On Dec. 12, 2019, the Senate Committee on Health, Education, Labor & Pensions passed Title VII of the Public Health Service Act (S.2997), clearing a major hurdle for legislation that could help the pediatric rheumatology community as it struggles to maintain a workforce to serve its patient population.
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Explore This IssueFebruary 2020
In the first few months of 2020, the Senate will vote on reauthorization of the legislation, which includes the Investment in Tomorrow’s Pediatric Health Care Workforce Act (S.2443). This act stipulates a loan repayment program under which pediatric subspecialists with educational loans who are working in areas in with a provider shortage would be eligible for $35,000 per year in loan repayment.
Tiny though the community of roughly 300 active American pediatric rheumatologists may be, there is little doubt senators voting on this bill in committee had us in mind. Sen. Lamar Alexander (R-Tenn.), who chairs the committee, referred to this legislation in the official press release as work “to incentivize doctors to fill shortages in pediatric specialties, such as pediatric cardiologists or rheumatologists.”
This small nod is thanks to more than a decade of advocacy by the ACR for legislation to help the pediatric workforce. In 2019 alone, ACR volunteers and staff made approximately 230 visits to congressional offices and sent 2,000 emails to Congress.
I first wrote to Congress 10 years ago, the summer I graduated from medical school. That letter was to Sen. Barbara Mikulski (D-Md.), asking her to co-sponsor the Arthritis Prevention, Control & Cure Act of 2009. That bill proposed to amend the Public Health Service Act to implement a National Arthritis Action Plan, which included, among other things, a loan repayment program for pediatric rheumatologists.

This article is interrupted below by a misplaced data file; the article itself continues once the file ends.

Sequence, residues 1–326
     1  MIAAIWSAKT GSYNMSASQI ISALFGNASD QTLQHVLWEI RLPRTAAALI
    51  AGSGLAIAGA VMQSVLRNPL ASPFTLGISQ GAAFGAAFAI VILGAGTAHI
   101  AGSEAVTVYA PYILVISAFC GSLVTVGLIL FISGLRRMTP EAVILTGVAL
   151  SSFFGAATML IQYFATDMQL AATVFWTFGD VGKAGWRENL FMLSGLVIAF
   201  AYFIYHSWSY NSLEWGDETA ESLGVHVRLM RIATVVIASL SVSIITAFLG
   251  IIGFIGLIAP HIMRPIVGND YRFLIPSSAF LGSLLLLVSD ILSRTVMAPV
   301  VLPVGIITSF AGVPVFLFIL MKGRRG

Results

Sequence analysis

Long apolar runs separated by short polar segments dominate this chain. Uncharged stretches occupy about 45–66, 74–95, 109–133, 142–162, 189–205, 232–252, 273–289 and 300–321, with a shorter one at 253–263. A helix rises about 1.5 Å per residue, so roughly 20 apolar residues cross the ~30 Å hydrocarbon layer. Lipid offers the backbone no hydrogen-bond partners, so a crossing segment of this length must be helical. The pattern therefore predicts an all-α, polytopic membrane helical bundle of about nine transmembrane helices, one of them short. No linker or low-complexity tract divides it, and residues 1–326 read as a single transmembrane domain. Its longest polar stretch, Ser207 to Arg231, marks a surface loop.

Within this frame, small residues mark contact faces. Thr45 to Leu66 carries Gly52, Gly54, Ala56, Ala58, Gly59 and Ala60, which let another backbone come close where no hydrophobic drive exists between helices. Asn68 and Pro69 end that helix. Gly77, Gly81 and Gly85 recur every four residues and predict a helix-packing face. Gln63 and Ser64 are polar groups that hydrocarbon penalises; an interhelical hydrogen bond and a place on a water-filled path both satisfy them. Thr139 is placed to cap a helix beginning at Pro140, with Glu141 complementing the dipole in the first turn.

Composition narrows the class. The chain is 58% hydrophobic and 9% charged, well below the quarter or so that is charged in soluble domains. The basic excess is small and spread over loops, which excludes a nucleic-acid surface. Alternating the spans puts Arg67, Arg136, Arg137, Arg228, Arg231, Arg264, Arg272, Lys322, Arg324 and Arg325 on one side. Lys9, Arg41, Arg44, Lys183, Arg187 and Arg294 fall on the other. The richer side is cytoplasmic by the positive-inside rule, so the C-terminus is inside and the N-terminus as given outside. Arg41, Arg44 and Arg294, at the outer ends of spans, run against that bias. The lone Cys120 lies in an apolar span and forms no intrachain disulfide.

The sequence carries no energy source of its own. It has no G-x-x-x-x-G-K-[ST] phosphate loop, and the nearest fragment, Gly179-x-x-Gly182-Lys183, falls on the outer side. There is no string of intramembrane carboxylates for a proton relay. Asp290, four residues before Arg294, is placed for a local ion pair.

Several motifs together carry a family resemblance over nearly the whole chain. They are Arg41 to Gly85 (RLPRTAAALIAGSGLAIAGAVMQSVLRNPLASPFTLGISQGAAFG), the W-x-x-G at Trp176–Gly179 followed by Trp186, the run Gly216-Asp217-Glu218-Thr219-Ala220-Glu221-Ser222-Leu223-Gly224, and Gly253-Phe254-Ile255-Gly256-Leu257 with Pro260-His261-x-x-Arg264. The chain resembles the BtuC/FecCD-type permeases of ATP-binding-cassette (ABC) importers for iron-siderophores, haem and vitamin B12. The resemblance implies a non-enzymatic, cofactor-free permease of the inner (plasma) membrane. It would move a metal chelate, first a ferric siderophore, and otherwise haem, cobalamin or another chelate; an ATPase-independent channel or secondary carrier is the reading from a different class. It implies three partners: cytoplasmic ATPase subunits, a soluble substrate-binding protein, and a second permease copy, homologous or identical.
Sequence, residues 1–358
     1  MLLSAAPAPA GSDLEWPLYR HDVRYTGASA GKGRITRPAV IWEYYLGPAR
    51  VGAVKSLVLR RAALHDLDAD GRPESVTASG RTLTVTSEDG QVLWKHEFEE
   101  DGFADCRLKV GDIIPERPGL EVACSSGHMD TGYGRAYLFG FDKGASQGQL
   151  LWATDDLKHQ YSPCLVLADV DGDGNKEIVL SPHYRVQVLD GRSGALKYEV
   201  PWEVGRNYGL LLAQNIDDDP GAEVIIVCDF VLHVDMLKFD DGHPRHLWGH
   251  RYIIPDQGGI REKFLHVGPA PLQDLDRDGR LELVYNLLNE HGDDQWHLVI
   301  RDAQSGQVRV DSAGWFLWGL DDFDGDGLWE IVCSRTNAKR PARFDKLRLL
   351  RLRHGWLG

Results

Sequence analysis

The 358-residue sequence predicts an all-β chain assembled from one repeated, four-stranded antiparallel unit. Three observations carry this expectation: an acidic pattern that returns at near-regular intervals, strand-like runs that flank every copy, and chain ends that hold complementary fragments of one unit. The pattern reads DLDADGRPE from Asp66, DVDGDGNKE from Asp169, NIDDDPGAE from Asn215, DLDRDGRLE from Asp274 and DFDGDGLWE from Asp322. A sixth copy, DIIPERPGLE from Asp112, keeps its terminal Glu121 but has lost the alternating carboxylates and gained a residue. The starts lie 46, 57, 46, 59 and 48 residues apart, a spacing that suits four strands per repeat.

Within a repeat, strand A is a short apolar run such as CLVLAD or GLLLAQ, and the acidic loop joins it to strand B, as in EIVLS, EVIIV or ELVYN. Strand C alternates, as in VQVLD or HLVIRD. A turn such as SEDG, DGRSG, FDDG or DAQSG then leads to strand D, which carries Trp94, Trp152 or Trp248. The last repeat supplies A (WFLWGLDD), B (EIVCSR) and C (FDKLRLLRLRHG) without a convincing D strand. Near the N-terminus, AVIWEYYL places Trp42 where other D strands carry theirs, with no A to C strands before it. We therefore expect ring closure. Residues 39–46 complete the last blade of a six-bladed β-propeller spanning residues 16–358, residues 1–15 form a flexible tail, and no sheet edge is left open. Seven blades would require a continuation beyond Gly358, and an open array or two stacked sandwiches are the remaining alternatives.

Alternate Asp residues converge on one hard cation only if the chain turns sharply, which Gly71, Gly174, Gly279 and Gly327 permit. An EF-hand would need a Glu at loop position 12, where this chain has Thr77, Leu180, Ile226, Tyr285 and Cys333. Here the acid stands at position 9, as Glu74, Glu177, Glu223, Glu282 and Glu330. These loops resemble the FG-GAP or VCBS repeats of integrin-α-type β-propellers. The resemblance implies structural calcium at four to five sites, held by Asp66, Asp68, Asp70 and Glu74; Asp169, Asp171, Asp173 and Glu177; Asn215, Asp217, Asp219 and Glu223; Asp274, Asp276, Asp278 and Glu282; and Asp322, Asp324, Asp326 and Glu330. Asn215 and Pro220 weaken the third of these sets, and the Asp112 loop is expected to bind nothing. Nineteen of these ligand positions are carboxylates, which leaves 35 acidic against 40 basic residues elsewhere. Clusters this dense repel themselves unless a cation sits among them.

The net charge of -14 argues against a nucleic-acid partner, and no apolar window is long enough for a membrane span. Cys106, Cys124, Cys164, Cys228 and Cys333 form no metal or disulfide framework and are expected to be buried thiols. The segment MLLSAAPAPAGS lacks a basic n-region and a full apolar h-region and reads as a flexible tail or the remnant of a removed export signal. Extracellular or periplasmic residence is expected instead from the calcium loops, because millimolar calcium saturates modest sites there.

In the letter to Sen. Mikulski, I wrote: “As a new pediatric resident interested in entering pediatric rheumatology and a newly graduated medical student with close to $200,000 in loans to repay, I can’t tell you how many people have tried to dissuade me from this track purely from a financial standpoint.”
The list included my soon-to-be brother-in-law, who asked me over dinner one night whether I found dermatology interesting. At the time I graduated from medical school, my husband was a year out of nursing school, laden with his own educational debt.
Sen. Mikulski did co-sponsor the bill. Later that year, I and other members of the ACR’s Pediatric Rheumatology Resident Program discussed it with cautious optimism. I was sitting at a table with a fellow I had met in my medical school pediatric rheumatology elective (and who would later become my chief). “Hopefully, it will be in effect by the time you enter fellowship,” she said. But like many bills, this one died in committee.